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September 28, 2005

What You Did Not Know about California

Kevin E. Dayhoff

San Diego – September 15 - Greetings from the conservative bastion of California. As I have quickly learned, California’s reputation as a left-wing redoubt is overly simplistic and certainly not totally correct.

So why not pull out your favorite Beach Boys CD and read along.

Several weeks ago when my wife suggested that I come along with her on a business trip, my answer was, “of course I’ll go.” Then I asked her – “where are we going?”

Her answer: “California.”

“Oh, my gawd Caroline! My Mom raised me better. I can’t possibly go to California, what if my friends find out!”

Well, of course, I agreed to go; I’m always up for an adventure. I just might learn something. And indeed I have.

After several days in San Diego, what I discovered was surprisingly pleasant. The second largest city in California is very cosmopolitan, affluent and easy going. With little in the way of smog and devoid of the byzantine expressways, San Diego is a bright and colorful, vibrant and exciting city of approximately 1.3 million folks. Sprawling inside San Diego County, which has a population of almost 2.9 million, San Diego has everything from desert to mountains and beaches to marinas.

According to a San Diego history timeline, it wasn’t until July 29, 1846, that a detachment of Marines raised the first American flag over the city during the Mexican-American War (1846-1848). San Diego was first incorporated on March 27, 1850, several months before California was granted statehood on September 9, 1850.

In spite of its location on a superb natural harbor, it wasn’t until the arrival of the Santa Fe Railroad in the 1880s that the city really took off. The U.S. Navy made San Diego its Pacific Command Center during World War II, and the military continues to dominate the local economy, along with tourism.

According to an August 29, 2004, New York Times article, “Democrats have a slight edge in voter registration [in San Diego city]. But in [San Diego] county … Republicans retain a sizeable majority.”

A quick search on Yahoo revealed two main political clubs in San Diego: San Diego Democratic Club and The Conservative Order of Good Guys.

The website for the Democratic Club states that the “… San Diego Democratic Club [is] one of the largest chartered Democratic Clubs in San Diego County. Since 1975… providing effective political action, advocating for fairness and equality for the lesbian, gay, bisexual, and transgender community.”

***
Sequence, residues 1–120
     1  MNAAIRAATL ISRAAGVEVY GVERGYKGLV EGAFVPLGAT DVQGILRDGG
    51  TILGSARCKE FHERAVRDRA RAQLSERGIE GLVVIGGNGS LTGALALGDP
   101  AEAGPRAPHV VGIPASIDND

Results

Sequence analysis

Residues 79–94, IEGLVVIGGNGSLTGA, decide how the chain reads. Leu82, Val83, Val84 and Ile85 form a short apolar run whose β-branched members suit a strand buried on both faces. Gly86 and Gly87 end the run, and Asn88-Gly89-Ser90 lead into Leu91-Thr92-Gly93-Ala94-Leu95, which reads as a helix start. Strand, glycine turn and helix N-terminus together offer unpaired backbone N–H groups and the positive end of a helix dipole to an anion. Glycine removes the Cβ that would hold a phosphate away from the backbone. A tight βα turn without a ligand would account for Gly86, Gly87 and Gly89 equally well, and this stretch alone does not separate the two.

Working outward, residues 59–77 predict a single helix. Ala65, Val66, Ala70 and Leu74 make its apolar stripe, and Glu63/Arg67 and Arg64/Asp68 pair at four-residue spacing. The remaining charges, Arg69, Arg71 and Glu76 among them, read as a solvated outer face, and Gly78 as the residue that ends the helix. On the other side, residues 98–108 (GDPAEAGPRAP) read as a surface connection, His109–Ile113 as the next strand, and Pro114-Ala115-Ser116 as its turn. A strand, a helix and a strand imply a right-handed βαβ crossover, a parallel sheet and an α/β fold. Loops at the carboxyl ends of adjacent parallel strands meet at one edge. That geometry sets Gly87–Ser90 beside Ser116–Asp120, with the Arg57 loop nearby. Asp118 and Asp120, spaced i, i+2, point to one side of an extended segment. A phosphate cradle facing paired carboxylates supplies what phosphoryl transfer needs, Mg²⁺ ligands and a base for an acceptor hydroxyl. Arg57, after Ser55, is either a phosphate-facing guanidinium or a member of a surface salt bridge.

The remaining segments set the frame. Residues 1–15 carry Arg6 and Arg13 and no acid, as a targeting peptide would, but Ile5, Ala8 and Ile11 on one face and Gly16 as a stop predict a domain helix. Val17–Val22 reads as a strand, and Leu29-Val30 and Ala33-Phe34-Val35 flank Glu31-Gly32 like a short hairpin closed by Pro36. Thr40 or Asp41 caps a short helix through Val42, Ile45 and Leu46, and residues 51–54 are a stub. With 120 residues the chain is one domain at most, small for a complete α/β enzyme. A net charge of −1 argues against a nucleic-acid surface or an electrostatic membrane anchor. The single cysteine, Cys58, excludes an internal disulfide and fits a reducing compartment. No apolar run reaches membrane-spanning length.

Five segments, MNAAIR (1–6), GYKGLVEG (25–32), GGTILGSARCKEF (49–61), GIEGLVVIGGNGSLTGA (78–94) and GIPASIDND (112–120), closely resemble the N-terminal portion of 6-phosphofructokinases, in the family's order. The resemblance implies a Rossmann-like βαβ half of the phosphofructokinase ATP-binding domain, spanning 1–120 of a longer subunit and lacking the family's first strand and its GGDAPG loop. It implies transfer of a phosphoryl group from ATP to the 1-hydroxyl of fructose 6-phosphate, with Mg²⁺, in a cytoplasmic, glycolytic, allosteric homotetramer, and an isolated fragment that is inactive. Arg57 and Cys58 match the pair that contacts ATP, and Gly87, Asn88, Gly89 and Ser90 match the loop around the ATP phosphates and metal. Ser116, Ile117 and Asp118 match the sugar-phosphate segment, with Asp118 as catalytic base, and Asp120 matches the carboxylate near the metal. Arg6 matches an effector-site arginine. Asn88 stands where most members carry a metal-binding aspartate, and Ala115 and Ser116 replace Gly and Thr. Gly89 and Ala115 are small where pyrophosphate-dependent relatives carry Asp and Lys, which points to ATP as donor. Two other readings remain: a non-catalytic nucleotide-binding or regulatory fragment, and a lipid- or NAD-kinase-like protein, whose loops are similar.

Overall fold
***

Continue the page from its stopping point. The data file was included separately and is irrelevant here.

A look at the Republican club’s website reveals that “The Conservative Order of Good Guys is an organization founded in September 1978 by a group of active business and professional men and women who are interested in providing financial support to top quality, fiscally conservative, Republican candidates …”

The city has an excellent website, which was one of my first internet stops after I unpacked my computer to enjoy the hotel’s Wi-fi. Some of the sites and attractions we intend to visit in the upcoming week are the San Diego Wild Animal Park; Balboa Park and the San Diego Zoo, “home to fifteen museums, various arts and international culture associations, as well as the San Diego Zoo, making it one of the nation's largest cultural and entertainment complexes;” SeaWorld San Diego; the San Diego Historical Society and the Gaslamp Quarter, “Southern California's premier dining, shopping and entertainment district, where you'll find a truly eclectic blend of food, fun and culture all within one of San Diego's most historic areas.” As I write, we have already enjoyed visiting Cabrillo National Monument and Ocean Beach.

My next stop on my internet tour was the city’s main newspaper, the San Diego Union-Tribune. Apparently California Arnold Schwarzenegger was in town the day we arrived. “The Republican governor told a cheering crowd … that he intended to "finish the job" of reforming California's governing and political institutions… "Yes, I will run again," ...”

We’re staying at the Westgate Hotel in the middle of the city, “acclaimed as America’s most lavish hotel.” Seems to be about how I would describe it.

The Westgate was built in 1970 as a result of a dinner conversation between San Diego financier, C. Arnholt Smith and the late President Eisenhower. According to literature supplied by the hotel; over dinner in a nearby hotel in the early 1960s, President Eisenhower asked, “Is this the best hotel you have in San Diego?” “Seeing an opportunity, [Arnholt Smith] took up the challenge and launched [building the Westgate]…”

The San Diego municipal website claims that the “United States Weather Bureau describes San Diego's weather as the closest thing to perfect in America. Holiday Magazine described San Diego as the "only area in the United States with perfect weather." Pleasant Weather Rating Service Poll voted San Diego as the best year-round weather in the nation, and the second best in the world.”

Additionally, “San Diego has become the safest big city in the United States due to an aggressive anti-crime stance taken by local governments. For more information on public safety programs and crime statistics, visit the City's Police Department web site.”

I’m looking forward to a great week in San Diego (“Don’t worry… everything will turn out alright.”) and visiting again in the middle of one of Maryland’s winters, which I loath.

Kevin Dayhoff normally writes from Westminster. E-mail him at:

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